Android Beacon Library

An Android library providing APIs to interact with Beacons

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Using a Foreground Service

The library may be configured to use a foreground service to scan for beacons. A foreground service is differs from regular Android background services in that it shows a persistent notification showing your app icon and configurable text while beacon scanning is running so users know scanning is taking place.

Why would you want this?

Android versions 8+ restrict services from running in the background to only 10 minutes after an app leaves the foreground. This blocks background beacon detections.

By default on Android 8+, the library will use the JobScheduler to run scans, but these are limited to at most every 15 minutes. For use cases where apps need frequent beacon scanning in the background, a foreground service is a viable alternative. This may be useful it you need near constant beacon tracking in the background.

While designed largely for background beacon detections, using the library’s included Foreground Service will also enable your app to continuously run a beacon transmitter in the background.

How it works

If you configure a foreground service, you may set the library to scan at any rate you want in the background and it will work as specified on devices with Android 8+.

Will this use more battery?

A foreground service itself does not use more battery, but if you use it to schedule more frequent scans than otherwise would be performed by the library, more battery will be used.

How do I set this up?

The reference app has code you can uncomment to start a foreground service, which has code similar to shown below. You need to put this code in your app before you start ranging or monitoring.

If targeting Android 14+ (SDK 24+) you must ensure that you have obtained FINE_LOCATION permissin from the user otherwise you will get a SecurityException when trying to configure the foreground service. You must also upgrade to library version 2.20+.

val builder = Notification.Builder(this)
builder.setContentTitle("Scanning for Beacons")
val intent = new Intent(this, MonitoringActivity.class)
val pendingIntent = PendingIntent.getActivity(
    this, 0, intent, PendingIntent.FLAG_UPDATE_CURRENT
beaconManager.enableForegroundServiceScanning(, 456)

Note the above requires you to specify an icon for the scanning notification. This may be your app icon or a custom icon.

How do I customize the background scan rate?

You may alter the default background scan period and the time between scans using the methods on the BeaconManager class. Doing this is easy, but be careful. The longer you wait between scans, the longer it will take to detect a beacon. And the more reduce the length of the scan, the more likely it is that you might miss an advertisement from an beacon. We recommend not reducing the scan period to be less than 1.1 seconds, since many beacons only transmit at a frequency of 1 Hz. But keep in mind that the radio may miss a single beacon advertisement, which is why we make the default background scan period 10 seconds to make extra, extra sure that any transmitting beacons get detected.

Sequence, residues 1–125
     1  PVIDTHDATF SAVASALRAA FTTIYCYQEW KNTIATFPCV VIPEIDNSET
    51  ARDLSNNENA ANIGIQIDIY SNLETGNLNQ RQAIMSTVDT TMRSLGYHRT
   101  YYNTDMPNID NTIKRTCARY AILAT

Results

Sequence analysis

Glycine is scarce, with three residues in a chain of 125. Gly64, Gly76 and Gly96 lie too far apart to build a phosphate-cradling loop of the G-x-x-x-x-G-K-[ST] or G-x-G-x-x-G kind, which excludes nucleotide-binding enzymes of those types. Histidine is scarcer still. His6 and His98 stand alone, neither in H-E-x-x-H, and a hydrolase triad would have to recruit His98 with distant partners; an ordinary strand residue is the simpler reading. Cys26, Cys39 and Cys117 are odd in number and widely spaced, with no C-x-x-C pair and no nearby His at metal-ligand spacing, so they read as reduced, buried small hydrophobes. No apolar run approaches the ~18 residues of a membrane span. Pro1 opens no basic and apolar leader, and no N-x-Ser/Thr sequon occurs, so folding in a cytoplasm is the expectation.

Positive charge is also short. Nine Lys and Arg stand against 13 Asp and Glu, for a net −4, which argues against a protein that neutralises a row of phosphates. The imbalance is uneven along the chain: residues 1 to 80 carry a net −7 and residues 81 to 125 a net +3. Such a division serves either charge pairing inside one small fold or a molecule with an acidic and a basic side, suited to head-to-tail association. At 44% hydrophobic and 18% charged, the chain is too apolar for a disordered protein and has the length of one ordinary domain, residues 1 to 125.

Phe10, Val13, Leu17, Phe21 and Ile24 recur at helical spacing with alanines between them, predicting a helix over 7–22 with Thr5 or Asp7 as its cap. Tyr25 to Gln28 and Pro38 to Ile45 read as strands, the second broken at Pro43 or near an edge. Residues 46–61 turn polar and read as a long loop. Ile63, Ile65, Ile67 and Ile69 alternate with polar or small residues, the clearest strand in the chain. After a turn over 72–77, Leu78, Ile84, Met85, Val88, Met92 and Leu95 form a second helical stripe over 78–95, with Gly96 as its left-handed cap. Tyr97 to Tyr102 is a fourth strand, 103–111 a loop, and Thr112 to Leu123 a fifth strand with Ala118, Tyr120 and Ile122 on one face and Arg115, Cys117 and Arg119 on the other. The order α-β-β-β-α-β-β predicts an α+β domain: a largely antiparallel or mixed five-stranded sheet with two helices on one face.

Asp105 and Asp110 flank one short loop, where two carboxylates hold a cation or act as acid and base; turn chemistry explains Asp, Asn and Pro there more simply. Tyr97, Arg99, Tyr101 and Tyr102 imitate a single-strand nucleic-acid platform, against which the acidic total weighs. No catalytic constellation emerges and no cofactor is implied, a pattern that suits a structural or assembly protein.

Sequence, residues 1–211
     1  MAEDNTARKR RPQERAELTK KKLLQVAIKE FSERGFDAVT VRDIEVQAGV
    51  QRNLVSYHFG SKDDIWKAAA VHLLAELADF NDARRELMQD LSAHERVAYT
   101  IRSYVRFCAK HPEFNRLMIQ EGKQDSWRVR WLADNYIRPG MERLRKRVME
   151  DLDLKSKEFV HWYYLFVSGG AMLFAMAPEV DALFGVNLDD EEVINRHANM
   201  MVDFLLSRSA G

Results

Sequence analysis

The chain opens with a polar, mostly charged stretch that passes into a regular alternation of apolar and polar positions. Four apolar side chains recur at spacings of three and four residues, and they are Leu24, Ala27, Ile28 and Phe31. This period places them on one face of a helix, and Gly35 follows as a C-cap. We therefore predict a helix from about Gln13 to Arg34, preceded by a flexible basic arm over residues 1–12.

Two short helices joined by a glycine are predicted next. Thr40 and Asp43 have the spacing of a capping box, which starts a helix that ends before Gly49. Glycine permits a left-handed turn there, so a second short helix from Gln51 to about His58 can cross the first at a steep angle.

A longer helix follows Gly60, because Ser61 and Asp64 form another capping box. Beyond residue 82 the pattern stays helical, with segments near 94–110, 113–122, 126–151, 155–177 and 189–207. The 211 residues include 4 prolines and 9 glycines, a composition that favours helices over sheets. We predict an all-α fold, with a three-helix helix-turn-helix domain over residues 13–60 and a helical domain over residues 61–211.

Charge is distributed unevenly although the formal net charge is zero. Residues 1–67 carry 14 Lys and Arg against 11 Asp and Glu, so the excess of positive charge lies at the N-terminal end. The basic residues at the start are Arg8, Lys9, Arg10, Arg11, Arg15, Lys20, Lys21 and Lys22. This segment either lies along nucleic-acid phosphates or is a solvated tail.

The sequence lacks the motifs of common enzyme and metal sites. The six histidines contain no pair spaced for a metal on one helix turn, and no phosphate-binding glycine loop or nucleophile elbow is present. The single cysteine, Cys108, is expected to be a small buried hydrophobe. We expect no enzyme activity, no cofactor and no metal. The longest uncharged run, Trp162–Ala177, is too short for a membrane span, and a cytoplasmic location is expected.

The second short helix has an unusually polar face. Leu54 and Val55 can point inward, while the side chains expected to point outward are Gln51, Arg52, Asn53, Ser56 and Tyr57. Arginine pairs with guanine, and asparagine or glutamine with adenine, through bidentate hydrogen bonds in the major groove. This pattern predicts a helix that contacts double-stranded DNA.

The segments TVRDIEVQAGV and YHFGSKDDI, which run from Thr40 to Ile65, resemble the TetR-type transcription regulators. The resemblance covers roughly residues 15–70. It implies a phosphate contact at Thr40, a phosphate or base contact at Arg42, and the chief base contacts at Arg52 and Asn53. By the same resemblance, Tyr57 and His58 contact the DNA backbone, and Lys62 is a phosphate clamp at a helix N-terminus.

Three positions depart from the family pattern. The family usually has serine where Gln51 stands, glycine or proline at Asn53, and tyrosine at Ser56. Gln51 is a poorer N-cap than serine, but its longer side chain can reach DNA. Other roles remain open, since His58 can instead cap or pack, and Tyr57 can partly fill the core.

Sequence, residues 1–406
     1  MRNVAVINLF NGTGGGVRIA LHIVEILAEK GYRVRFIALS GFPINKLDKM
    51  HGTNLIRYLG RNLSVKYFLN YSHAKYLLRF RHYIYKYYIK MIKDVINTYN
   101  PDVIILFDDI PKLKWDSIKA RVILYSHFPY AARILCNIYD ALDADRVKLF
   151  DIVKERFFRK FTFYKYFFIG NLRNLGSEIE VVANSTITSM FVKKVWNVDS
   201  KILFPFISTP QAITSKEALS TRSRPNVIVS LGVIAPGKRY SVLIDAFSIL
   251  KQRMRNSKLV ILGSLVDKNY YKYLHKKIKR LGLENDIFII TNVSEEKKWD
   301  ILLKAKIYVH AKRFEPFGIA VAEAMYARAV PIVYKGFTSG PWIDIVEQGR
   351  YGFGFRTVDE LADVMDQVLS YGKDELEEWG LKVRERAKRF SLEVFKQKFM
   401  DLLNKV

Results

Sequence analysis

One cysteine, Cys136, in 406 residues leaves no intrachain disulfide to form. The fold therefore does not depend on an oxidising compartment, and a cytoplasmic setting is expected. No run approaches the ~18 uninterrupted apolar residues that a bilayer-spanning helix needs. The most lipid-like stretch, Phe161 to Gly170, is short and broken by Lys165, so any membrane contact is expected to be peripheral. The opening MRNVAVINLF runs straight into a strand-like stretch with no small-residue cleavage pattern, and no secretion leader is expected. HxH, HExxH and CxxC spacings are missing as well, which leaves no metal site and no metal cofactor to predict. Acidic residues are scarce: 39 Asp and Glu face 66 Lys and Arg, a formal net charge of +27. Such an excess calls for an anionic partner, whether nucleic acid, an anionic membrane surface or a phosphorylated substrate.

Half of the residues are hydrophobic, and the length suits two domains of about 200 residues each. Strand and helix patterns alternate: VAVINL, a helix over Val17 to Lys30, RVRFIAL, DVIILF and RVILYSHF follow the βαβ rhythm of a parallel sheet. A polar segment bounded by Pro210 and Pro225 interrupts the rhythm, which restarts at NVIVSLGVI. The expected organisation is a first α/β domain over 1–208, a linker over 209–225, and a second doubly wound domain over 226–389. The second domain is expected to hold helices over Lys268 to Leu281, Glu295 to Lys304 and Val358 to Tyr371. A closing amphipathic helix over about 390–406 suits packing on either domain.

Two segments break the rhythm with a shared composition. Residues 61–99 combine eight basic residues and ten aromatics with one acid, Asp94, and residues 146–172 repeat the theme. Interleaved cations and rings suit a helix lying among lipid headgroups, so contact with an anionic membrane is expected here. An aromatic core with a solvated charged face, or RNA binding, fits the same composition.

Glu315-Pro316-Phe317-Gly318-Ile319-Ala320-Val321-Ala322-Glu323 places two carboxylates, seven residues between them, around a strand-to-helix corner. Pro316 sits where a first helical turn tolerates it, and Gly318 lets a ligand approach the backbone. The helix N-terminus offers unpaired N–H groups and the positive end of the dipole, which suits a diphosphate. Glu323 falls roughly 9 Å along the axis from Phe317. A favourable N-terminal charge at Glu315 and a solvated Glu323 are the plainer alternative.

Below is an example of constantly scanning in the background on a 1.1 second cycle:


Android permissions

On Android 9+, you must delcare android.permission.FOREGROUND_SERVICE in your Menifest.

On Android 10+, you generally must have obtained ACCESS_BACKGROUND_LOCATION for beacon detection to work when your app is not visible. However, it is possible to scan with only foreground location permission granted and a foreground service if you add android:foregroundServiceType="location" to your the foreground service declaration in the manifest. See here for details.

Restrictions on Foreground Service Start

On Android 12+, apps are usually forbidden from starting foreground services from the background (except on android.intent.action.BOOT_COMPLETED) and a few other specific events. This can cause crashes with library versions prior to 2.19.5-beta6. Starting with that version, the library will catch the Exception caused by the operating system refusing to let you start a foreground service and fall back to using the Job Scheduler to perform scans at most every ~15 minutes. If this fallback happens, the library will automatically switch to using a forground service the next time it detects the app goes to the foreground.

In addition to the library’s automatic restart of the foreground service described above, if your app handles events that may temporarily allow starting a foreground service, you can tell the library to try again to start a foreground service. Like this:

// Call this on an event you are temporarily allowed e.g. on geofence crossing
if (beaconManager.foregroundServiceStartFailed()) {

There is no guarantee the above retry will succeed, and if it does not, beaconManager.foregroundServiceStartFailed() will remain true.

Read here for more info on the background restrictions on Android 12.

Because of the above restrictions, understand that if you configure the library to use a foreground service on Android 12, it may or may not be started depending on operating system restictions. One possible scenario is if your app with a foreground service crashes while running in the background. The library will generally restart your app automatically, but when it does so, it will likely not be able to re-start the foreground service leaving it using the Job Scheduler for scanning.

Forked OEM Limitations

Some phone OEMs fork their Android limitations to add custom battery saving code that kills background apps including foreground services. Huawei, Xiaomi, Redmei and OnePlus devices are known to be affected. Read more here.